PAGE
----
Joycelyn gets a thrill out of smiling faces

  • Career change: Joycelyn Martin took a floristry course in Boston in her forties and returned to open The Roses Flower Shop in 1984 (Photograph by Blaire Simmons)

    Career change: Joycelyn Martin took a floristry course in Boston in her forties and returned to open The Roses Flower Shop in 1984 (Photograph by Blaire Simmons)


Joycelyn Martin just couldn’t believe it when a doctor told her she had ovarian cancer.

She had not felt any pain despite the mass, found in her stomach during a routine checkup two years ago.

The doctor repeated himself three times before she accepted what he was saying.

“I said, “You must be talking to someone else’,” she said. “The next morning I got up and I smacked my stomach with my hands and said: ‘This is not your home’.

“I said: ‘You will not be living here! This is God’s house. This is God’s house.’ Then I put it right out of my head, and never had any fears.”

The 77-year-old was sent to Brigham & Women’s Hospital, where doctors removed the 7lb mass.

“I’ve had babies that weighed that much,” she said. “My girlfriend said, ‘Did you look at it afterward?’ I said ‘Heck no, why would I want flashbacks of that?’”

As it turned out, the mass was not cancerous and she was able to leave the Boston hospital after seven days.

“I was blessed,” she shouted with a laugh, throwing out her arms.

Before she knew it, she was back running The Roses Flower Shop in Sandys, the business she started 34 years ago.

As a youngster she had wanted to become a beautician, but had to concentrate on raising four daughters on her own, Dee-Ann Iris, Carla Baisden, Movita Govia and Jan-Ann Lewis.

She worked in numerous hotels, Pink Beach, Harmony Hall and Ariel Sands, as a chambermaid, switchboard operator and waitress.

“I enjoyed working in hotels,” she said. “Harmony Hall was probably my favourite place to work.”

But by her forties, she needed a new adventure.

“I had some friends come to visit me,” she said. “They were Bermudians living in Boston who were home for a visit. They asked me what I was doing.”

She told them she wanted to become a florist even though her only experience was helping her mother’s friend arrange flowers when she was 13.

“I have no idea why I said that,” she said.

But her friends took her seriously, and whisked her back to Boston for a five-week course.

“They were really good to me,” she said. “I stayed with them and they would drive me to my class every day.”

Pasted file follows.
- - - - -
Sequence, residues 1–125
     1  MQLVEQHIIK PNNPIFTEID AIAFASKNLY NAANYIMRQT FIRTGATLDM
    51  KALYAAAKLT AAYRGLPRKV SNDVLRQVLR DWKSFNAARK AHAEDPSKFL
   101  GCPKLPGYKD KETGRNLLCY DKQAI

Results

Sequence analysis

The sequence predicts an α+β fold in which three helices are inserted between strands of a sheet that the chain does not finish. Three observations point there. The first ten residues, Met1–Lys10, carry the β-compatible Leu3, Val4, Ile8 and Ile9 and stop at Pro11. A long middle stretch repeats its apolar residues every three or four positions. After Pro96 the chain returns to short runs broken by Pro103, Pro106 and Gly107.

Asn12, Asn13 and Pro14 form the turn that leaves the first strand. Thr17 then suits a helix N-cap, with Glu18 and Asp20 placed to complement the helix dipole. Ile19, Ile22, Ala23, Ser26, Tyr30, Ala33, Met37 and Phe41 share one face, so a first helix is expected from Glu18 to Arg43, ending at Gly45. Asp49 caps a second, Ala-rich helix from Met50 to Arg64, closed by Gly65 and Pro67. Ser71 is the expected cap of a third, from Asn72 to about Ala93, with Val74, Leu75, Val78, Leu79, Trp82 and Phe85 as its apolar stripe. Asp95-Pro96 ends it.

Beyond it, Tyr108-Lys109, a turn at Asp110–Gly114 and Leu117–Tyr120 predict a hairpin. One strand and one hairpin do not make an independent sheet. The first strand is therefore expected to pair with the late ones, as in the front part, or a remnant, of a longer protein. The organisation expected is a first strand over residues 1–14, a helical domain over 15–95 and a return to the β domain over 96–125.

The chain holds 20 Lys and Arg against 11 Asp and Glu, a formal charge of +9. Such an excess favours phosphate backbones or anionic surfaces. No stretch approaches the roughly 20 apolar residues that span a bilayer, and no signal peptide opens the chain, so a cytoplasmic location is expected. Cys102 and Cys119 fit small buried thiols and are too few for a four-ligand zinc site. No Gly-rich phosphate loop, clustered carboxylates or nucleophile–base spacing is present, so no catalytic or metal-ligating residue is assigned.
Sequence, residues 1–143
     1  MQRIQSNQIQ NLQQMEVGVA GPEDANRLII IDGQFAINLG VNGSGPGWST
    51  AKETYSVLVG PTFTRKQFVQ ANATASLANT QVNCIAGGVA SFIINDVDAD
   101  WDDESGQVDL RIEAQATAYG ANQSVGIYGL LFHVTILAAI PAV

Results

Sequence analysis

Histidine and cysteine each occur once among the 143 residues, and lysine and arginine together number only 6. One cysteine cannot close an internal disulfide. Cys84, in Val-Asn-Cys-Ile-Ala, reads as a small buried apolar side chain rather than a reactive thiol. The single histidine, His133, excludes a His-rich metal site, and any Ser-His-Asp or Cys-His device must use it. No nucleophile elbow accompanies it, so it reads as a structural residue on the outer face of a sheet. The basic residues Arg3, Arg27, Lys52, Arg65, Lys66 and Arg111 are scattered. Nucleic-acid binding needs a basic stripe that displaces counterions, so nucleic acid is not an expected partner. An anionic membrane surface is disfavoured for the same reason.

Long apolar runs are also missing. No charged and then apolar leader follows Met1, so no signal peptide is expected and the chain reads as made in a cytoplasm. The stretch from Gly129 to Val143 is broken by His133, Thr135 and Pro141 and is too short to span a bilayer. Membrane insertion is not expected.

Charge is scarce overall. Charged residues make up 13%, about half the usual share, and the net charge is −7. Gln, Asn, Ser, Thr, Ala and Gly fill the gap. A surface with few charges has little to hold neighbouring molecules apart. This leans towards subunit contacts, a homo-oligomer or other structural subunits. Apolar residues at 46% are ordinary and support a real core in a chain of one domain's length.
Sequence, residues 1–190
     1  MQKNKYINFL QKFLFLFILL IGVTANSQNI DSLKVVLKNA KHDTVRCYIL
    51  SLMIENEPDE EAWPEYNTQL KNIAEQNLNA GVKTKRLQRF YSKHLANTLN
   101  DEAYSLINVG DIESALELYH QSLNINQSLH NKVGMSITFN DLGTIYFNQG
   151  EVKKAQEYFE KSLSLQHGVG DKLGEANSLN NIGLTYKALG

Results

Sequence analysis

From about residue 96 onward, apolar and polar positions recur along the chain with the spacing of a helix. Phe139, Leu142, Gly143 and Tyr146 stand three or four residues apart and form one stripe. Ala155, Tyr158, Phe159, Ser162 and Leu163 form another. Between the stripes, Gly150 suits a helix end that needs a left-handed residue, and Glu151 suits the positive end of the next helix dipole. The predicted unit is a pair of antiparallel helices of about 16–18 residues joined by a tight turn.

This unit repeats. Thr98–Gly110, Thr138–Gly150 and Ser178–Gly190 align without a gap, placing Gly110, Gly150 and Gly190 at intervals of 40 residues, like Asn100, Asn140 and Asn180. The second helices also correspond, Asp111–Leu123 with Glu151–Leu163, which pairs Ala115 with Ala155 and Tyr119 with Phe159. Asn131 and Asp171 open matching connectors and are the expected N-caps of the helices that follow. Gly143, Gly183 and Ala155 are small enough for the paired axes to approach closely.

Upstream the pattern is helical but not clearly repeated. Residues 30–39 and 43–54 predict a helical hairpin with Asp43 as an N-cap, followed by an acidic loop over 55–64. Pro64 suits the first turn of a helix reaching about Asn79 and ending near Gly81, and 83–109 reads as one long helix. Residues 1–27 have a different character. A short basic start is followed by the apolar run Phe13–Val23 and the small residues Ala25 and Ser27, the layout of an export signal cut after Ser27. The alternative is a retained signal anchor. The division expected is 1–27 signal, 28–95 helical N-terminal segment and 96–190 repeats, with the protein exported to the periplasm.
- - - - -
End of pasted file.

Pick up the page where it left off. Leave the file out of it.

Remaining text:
She opened The Roses Flower Shop soon after returning to Bermuda in 1984, and tried out a few different locations before finally settling on Middle Road in Sandys.

“I’m a people person,” she said. “I used to have a lot of parties and entertain, but these days not so much. The hardest part of the job is just dealing with rude people. It does not happen a lot, but it just takes one to ruin your whole day.”

Her busiest times are Christmas and Easter.

“I love to bring a smile to someone’s face,” she said. “I love helping people to feel better after a difficult time. You cannot help but feel better when you get flowers.”

Cards of thanks from satisfied customers are posted on the wall behind her desk, some from prominent politicians.

Her location in the western end of the island seems a long way, by Bermuda standards, from her roots in Tucker’s Town.

Her mother, Eileen Smith, was a homemaker and her father, Percy Smith, drove a taxi.

She was one of 15 children; the only bathroom was an outhouse. “It was fun growing up in a big family,” she said. “We played together; we did not fight.”

She and her siblings attended the Talbot School, behind Marsden Methodist Church on South Road in Smith’s.

“We had to walk to school,” she said. “In those days most people came from large families, and most of the other children in the school were cousins of ours.”

At home she was often the one selected to do chores for her mother and her mother’s friends.

“Maybe my mother just wanted to find something to keep me out of trouble,” she said.

There were many officers from Kindley Air Force Base in St David’s billeted in the area, and they would often ask her mother to wash their clothes.

She can remember being put to work ironing a mountain of uniforms.

“I could barely see over the ironing board,” she said.

She remembers one day being paid for work done for her mother’s friend thinking she would use the cash to get a treat.

“I asked my mother if I could go to the movies,” she said. “She said no, the money was for my younger sister to go to the movies. Sometimes, I would get upset.”

She was particularly close to her father. “The day before he died, he said to my mother, ‘Eileen, if you are not home by 5.30pm tomorrow I have gone home’. True to form, he was gone by 5.30pm the next day. I was standing there with tears streaming down my face, but wondering, how did he know?”

She was also close to her godmother, Rosalind Minors, who gave her a lot of support and always made sure she had birthday presents.

“She was there with me every step of the way,” Ms Martin said. “She is still living, I don’t see her as much as I would like to.”

In her spare time, she enjoys walking and travelling. Most weekdays, though, she is working 9am to 5pm in her shop.

“People ask me if I’m going to retire,” she said. “I’ve thought about selling the business, but then what would I do with myself? I really enjoy it.”

Lifestyle profiles the island’s senior citizens every Tuesday. Contact Jessie Moniz Hardy on 278-0150 or jmhardy@royalgazette.com with their full name, contact details and the reason you are suggesting them

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Published Dec 11, 2018 at 8:00 am (Updated Dec 11, 2018 at 9:01 am)

Joycelyn gets a thrill out of smiling faces

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